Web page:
Councillors and residents start parallel meeting out of frustration with the official proceedings.
The City of Toronto had a plan for consulting the public about the prospect of permitting a casino in Toronto. They would hold a series of open houses—five in all, at locations across the city—with the dual purpose of providing information about the pros and cons of the various casino options, and gathering feedback from those residents who had opinions on the subject.
Wednesday night at City Hall, at the first of those public meetings, that plan lasted about half an hour. Then one councillor stood up on a chair, waved his arms, and said “Hi everyone, can I have your attention?”
The consultation, more or less, fell prey to a coup—one which, as quickly became apparent, was backed by a comfortable majority of the people who were present.
Things started sedately enough. Residents entered the City Hall rotunda to find the usual assortment of open house accoutrements: printed information sheets, large posterboards with diagrams and key details, blank survey forms to fill out, and name-tagged City staff on hand to answer questions.
It wasn’t quite what many had expected, however. When they heard “public consultation meeting,” they thought that there would be some sort of opportunity to speak, well, publicly—to hear from other residents and share their own opinions in an organized setting. To get a sense, perhaps, of whether there was anything like a consensus view about casinos, and hear some arguments for and against.
The first two councillors that we saw when we walked into City Hall said, independently of one another, exactly the same thing: this is how you run a consultation when you’re trying to keep people calm, when you think you might not like how things go if everyone actually gets up in front of a microphone to share their views.
And so at 6:30 p.m., a half-hour into proceedings, Gord Perks (Ward 14, Parkdale-High Park) got up on a chair. He and the other councillors in the room had been fielding complaints, he said, from residents who were frustrated by the absence of any opportunity to hold a collective conversation. To provide that option for those who wanted it, Perks announced, an impromptu gathering would take place one floor up, in one of City Hall’s meeting rooms, and everyone was invited.
Thirty minutes later, there were about twice as many people in that unofficial meeting as there were still downstairs at the posterboards, in the planned consultation. Kristyn Wong-Tam (Ward 27, Toronto Centre-Rosedale) moderated and Janet Davis (Ward 31, Beaches-East York) took notes on a large easel that had somehow materialized. (Other councillors present: Paula Fletcher, Sarah Doucette, Adam Vaughan, Mike Layton, and Pam McConnell.)
Of the people who spoke publicly, the vast majority were opposed to allowing a casino anywhere in Toronto. Some lived near potential locations and were concerned about the disruptions to their communities; some had lost a loved one to gambling addiction and were fearful of the social ills a casino might bring. And many simply said that it wasn’t the kind of city they wanted to live in—one that tried to balance its books with gaming revenues. There was one song, courtesy of two Raging Grannies, sung to the tune of “My Bonnie Lies Over the Ocean.” And there were a few cracks at the expense of OLG chair Paul Godfrey, who remarked earlier this week that we could put a casino downtown since it wasn’t a residential neighbourhood.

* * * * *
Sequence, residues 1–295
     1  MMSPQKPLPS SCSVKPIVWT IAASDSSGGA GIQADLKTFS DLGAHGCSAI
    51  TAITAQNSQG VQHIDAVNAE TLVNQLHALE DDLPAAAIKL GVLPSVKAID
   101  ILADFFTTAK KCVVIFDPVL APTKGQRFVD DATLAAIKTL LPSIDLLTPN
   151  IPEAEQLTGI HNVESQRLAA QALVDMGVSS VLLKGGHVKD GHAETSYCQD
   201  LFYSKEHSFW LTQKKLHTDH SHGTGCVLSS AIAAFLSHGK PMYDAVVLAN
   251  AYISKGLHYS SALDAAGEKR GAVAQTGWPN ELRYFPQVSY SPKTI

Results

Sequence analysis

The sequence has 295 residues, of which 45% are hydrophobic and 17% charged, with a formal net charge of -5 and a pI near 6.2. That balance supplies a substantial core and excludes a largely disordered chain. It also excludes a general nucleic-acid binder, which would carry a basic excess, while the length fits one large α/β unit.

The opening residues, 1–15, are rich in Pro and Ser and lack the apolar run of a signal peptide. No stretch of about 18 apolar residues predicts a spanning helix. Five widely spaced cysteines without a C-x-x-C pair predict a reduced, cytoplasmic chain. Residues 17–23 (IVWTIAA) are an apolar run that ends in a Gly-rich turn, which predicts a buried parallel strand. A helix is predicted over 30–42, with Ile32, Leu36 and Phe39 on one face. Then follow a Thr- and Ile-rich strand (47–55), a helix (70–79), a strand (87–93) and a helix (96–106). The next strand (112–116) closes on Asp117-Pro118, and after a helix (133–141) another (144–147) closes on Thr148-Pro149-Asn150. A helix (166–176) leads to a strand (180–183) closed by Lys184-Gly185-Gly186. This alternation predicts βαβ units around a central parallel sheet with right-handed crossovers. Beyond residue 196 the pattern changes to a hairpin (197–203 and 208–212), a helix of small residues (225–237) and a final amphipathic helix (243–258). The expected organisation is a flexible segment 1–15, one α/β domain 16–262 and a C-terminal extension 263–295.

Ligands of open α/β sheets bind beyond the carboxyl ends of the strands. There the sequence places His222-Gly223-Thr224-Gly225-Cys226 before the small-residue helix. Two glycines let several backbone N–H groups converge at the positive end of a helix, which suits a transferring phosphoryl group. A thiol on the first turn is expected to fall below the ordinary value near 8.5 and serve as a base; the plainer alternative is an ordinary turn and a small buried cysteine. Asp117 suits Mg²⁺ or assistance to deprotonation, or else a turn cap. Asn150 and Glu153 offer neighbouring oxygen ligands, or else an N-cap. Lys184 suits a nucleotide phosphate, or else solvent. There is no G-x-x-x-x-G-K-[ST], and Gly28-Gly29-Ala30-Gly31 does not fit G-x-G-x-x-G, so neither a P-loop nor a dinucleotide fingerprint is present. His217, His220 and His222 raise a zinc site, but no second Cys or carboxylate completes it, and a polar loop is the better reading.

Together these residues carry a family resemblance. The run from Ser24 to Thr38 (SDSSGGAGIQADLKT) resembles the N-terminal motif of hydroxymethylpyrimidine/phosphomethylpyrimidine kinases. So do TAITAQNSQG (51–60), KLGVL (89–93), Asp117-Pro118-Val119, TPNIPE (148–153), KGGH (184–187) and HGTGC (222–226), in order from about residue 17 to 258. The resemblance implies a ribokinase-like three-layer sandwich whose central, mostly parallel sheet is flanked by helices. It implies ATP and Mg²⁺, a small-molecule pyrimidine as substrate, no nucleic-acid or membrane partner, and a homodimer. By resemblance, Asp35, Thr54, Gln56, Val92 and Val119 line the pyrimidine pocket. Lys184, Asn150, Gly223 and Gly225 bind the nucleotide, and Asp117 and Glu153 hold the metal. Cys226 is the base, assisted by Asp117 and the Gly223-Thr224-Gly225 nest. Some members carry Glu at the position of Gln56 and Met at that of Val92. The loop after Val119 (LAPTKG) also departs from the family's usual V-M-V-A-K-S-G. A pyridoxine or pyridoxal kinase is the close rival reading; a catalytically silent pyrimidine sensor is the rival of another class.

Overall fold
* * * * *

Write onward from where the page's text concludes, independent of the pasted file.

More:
There were also some casino proponents, many identifying as union representatives or as people who worked in the gaming industry, who argued that Toronto needs more good jobs and a casino could help provide them. In keeping with the communal spirit of the meeting, residents applauded after their speeches, too.
We asked a City spokesperson whether the evening’s unexpected turn of events might mean that the rest of the scheduled consultation meetings would include an opportunity for residents to publicly share their views. “I am sure there will be some discussion,” she said, though as far as she knew no substantial changes have (yet) been contemplated.
Four more meetings are planned, and a survey will be online for several more weeks.
Take the City’s survey.
PUBLIC MEETING SCHEDULE
- Saturday, January 12; 1–4 p.m.
North York Memorial Hall (5110 Yonge Street)
- Monday, January 14; 6–9 p.m.
Etobicoke Olympium Gymnasium (590 Rathburn Road)
- Thursday, January 17; 6–9 p.m.
Scarborough Civic Centre Rotunda (150 Borough Drive)
- Saturday, January 19; 1–4 p.m.
Bluma Appel Salon at Reference Library (789 Yonge Street)
Timeline for Casino Debate
- City held “significant and serious discussions” with the OLG regarding hosting fees and location options. Those discussions produced the number we now have—the $50–$100 million estimated hosting fee.
- Public consultations are held online and in meetings across the city.
- We get a final, exact number—the specific hosting fee the OLG would give to Toronto if council approved a casino.
- Staff prepare a report for city council, summarizing the public consultations and including the results of discussions with the OLG. The report will also include staff’s recommendations regarding the preferred location of a potential casino, and how much revenue they think is enough to make the whole prospect of a casino worthwhile.
- On March 20 the Executive Committee debates a casino; members of the public will be able to sign up and offer their views one last time.
April 3-4, 2013
- City council makes a final decision about whether to permit a casino, and if so, where.
The City of Toronto’s report on a casino: [PDF]
Ernst & Young’s report: [PDF]
The Medical Officer of Health’s report on the impacts of gambling expansion: [PDF]
OLG’s modernization plan: [PDF]